For oenophiles, the Bordeaux wines represent the ultimate wines.
Even if you are not a wine enthusiast, you probably have heard the names Château Margaux, Mouton, Lafite, Latour, Rothschild, Petrus, Cheval Blanc or d’Yquem. Bordeaux wines are considered by many wine connoisseurs to be the world’s greatest reds and the most expensive wines in the world. In fact, the most expensive bottle of white wine Bordeaux ever sold was a bottle of 1811 Chateau d’Yquem. It went for a cool $117,000 at the Ritz in London in 2011. A bottle of Château Margaux 1787 holds the record as the most expensive bottle of wine ever broken, insured at $225,000.
Bordeaux’s wine economy moves 18.5 billion dollars each year. Bordeaux wine shipments to the USA saw a strong recovery in 2011, both in volume (+22%) and in value (+28%). With sales of $165 million, the United States is the fifth export market for Bordeaux wines by volume.
The Bordeaux region encompasses both banks of the Gironde estuary in southwest France, as well as the land bordering the Garonne and Dordogne, which split off from the Gironde in the southern Medoc. Bordeaux’s highest-quality red wines generally come from seven major appellations: Saint-Estephe, Pauillac, Saint-Julien, and Margaux in the greater Medoc region; Graves to the south of the city of Bordeaux, and Pomerol and Saint-Emilion to the east. The best dry white wines come from the large Graves region, while the finest sweet wines are made in Sauternes and Barsac, enclaves within the southern reaches of the Graves appellation.
The Bordeaux Wine Official Classification of 1855 resulted from the 1855 Exposition Universelle de Paris, when Emperor Napoleon III requested a classification system for France’s best Bordeaux wines which were to be on display for visitors from around the world. Brokers from the wine industry ranked the wines according to a château’s reputation and trading price, which at that time was directly related to quality. The wines were ranked in importance from first to fifth growths (crus). All of the red wines that made it on the list came from the Médoc region except for one: Château Haut-Brion from Graves. The white wines, then of much less importance than red wine, were limited to the sweet varieties of Sauternes and Barsac, and were ranked only from first great growth to second growth.
A superficial change is that since 1855, when only five of the estates were styled with the word “château” in their name, most Bordeaux wine estates now use this nomenclature.
Today, the best Bordeaux wines are known as some of the most beautiful wines in the world, and the list of first growths of the “Grands Crus Classés,” established in 1855 and whose council is currently presided by Philippe Castéja, includes only six original Châteaux: Château Lafite Rothschild, Château Latour, Château Margaux, Château Haut-Brion, and Château Mouton Rothschild.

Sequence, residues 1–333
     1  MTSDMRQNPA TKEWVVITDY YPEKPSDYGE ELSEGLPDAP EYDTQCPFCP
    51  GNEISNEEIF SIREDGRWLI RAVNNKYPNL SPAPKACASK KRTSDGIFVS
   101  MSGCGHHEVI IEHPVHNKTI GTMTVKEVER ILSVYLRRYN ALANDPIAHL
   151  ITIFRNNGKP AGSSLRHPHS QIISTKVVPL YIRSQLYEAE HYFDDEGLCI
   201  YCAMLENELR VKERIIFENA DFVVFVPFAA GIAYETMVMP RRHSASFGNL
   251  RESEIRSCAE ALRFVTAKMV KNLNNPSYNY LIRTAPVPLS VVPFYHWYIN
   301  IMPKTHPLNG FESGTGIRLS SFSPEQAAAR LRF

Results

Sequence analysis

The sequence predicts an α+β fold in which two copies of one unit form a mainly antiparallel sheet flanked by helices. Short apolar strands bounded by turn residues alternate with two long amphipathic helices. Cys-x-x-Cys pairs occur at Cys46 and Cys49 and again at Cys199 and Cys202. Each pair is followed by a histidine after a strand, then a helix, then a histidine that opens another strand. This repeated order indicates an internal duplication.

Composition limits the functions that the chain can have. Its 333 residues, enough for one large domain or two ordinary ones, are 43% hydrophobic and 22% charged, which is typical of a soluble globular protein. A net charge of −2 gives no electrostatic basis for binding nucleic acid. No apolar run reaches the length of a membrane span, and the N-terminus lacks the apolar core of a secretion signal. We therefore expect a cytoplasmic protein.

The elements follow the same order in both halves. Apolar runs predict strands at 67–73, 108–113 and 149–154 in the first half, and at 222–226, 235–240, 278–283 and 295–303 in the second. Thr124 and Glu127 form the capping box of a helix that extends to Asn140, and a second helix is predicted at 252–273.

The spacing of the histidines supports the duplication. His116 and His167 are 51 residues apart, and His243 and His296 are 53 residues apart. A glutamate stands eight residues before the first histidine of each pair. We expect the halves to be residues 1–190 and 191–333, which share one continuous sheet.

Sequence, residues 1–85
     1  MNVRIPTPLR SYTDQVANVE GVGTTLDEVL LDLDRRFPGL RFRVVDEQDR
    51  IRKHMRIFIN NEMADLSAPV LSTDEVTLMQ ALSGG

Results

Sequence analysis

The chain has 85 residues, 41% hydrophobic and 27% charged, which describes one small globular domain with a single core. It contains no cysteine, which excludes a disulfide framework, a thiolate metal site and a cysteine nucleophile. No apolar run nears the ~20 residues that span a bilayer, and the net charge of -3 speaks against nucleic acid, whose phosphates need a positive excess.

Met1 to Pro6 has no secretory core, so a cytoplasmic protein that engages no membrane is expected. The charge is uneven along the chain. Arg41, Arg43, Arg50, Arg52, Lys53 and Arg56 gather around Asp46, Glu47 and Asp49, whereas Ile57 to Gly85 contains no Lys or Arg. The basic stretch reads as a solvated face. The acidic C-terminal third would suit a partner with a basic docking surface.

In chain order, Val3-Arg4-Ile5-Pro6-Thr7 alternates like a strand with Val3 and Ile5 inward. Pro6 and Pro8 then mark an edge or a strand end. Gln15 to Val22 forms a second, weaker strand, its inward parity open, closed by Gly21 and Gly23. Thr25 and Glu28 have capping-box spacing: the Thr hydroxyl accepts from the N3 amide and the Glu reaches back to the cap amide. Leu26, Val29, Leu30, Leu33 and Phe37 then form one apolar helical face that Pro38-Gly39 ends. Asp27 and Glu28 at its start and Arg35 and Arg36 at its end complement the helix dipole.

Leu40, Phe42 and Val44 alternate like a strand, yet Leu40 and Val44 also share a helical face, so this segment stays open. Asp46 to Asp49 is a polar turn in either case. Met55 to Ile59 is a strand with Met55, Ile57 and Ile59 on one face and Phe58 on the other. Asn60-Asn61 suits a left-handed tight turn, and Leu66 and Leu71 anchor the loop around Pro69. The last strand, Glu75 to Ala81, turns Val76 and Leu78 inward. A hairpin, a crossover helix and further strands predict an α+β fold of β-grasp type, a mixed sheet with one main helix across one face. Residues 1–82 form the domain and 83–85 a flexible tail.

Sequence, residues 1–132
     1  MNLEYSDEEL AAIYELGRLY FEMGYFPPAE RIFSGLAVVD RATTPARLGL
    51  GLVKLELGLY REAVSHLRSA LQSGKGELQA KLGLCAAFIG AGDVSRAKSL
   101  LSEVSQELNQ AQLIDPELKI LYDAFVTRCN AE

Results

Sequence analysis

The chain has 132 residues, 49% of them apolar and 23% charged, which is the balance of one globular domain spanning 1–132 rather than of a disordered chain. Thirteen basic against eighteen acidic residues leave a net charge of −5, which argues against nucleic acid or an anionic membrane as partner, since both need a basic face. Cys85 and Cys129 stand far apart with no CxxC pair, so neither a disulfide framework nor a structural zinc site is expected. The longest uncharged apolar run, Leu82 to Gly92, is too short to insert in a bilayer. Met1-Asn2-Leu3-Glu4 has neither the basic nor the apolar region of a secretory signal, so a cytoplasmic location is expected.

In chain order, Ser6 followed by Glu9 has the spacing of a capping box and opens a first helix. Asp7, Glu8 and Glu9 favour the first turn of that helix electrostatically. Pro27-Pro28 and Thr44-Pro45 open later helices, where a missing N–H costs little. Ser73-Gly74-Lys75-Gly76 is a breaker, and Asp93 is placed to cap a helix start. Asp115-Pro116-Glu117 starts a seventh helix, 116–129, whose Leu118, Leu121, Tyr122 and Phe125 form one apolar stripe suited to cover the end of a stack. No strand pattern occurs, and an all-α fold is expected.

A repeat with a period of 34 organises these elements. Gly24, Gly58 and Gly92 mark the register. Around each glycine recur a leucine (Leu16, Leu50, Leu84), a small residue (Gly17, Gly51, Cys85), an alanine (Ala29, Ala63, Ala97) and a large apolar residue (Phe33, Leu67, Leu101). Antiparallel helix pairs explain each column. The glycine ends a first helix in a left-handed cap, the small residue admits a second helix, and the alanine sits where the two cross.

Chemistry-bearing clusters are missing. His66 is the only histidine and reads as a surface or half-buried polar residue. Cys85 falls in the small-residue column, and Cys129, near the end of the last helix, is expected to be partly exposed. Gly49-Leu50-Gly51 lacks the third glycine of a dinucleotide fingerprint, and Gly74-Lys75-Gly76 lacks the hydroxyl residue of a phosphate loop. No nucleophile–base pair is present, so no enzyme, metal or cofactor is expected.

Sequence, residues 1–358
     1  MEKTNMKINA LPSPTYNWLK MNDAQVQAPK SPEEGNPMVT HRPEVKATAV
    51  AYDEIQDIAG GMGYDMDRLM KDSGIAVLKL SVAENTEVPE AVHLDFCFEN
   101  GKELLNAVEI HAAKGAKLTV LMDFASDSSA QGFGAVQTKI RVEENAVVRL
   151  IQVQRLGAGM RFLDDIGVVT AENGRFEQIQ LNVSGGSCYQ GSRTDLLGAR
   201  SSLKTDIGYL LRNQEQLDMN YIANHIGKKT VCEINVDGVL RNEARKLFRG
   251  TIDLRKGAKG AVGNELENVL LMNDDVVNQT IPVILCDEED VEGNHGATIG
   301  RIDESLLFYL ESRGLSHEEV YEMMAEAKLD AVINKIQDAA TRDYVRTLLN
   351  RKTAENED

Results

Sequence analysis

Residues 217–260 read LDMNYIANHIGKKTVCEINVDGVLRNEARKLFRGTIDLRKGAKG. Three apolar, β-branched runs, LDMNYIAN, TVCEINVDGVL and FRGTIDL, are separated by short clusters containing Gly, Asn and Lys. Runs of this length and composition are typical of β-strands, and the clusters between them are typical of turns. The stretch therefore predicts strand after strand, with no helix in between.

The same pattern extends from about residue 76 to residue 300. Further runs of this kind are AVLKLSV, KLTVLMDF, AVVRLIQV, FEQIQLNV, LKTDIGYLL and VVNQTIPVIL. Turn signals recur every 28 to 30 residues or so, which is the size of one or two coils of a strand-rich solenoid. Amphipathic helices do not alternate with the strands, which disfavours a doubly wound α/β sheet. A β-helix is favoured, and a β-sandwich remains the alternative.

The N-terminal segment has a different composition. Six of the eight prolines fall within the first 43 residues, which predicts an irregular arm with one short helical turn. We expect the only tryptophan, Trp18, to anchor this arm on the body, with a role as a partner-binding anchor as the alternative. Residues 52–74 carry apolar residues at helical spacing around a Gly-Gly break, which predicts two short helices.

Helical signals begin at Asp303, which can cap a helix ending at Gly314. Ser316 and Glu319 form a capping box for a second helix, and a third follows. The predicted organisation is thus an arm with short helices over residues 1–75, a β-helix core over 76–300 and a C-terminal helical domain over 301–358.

Château Margaux has been recognized as being one of the greatest wines in the entire world. It owes its unique qualities to the genius of its terroir as well as to the passionate work of a succession of generations. It’s a remarkable wine that comes from a combination of characteristics that are only rarely found: finesse, elegance, complexity, density, intensity, length and freshness. Although its tannic concentration may be exceptional, it’s rare to detect astringency.
The domaine of Château Margaux extends 650 acres, of which 210 acres are entitled to the Margaux AOC declaration. Two hundred acres are planted with 75 percent Cabernet Sauvignon, 20 percent Merlot, with 2 percent Cabernet Franc and Petit Verdot. Thirty acres are cultivated with Sauvignon Blanc to make the dry white Pavillon Blanc.
In 1973, Château Mouton Rothschild was elevated to “first growth” status after decades of intense lobbying by its powerful and influential owner. Château Mouton Rothschild has its vineyards on the slopes leading down to the Gironde Estuary, in the Bordeaux region, mainly producing grapes of the Cabernet Sauvignon variety. Baron Philippe de Rothschild came up with the idea of having each year’s label designed by a famous artist of the day. In 1946, this became a permanent and significant aspect of the Mouton image with labels created by some of the world’s great painters and sculptors. The only exception to date is the unusual gold-enamel bottle for 2000.
For centuries, Château d’Yquem has been unchallenged as the finest example of Sauternes and the most famous sweet wine in the world. The estate’s history dates to 1593, and since 1855, Yquem has existed literally in a class of its own — the only wine from Sauternes and Barsac labeled a Premier Cru Supérieur. Thomas Jefferson visited the château and later wrote, “Sauterne. This is the best white wine of France and the best of it is made by Monsieur de Lur-Saluces.” Jefferson ordered 250 bottles of the 1784 vintage for himself, and additional bottles for George Washington. In 2006, a 135-year vertical containing every vintage from 1860 to 2003 was sold by The Antique Wine Company in London for $1.5 million, one of the highest prices ever paid for a single lot of wine.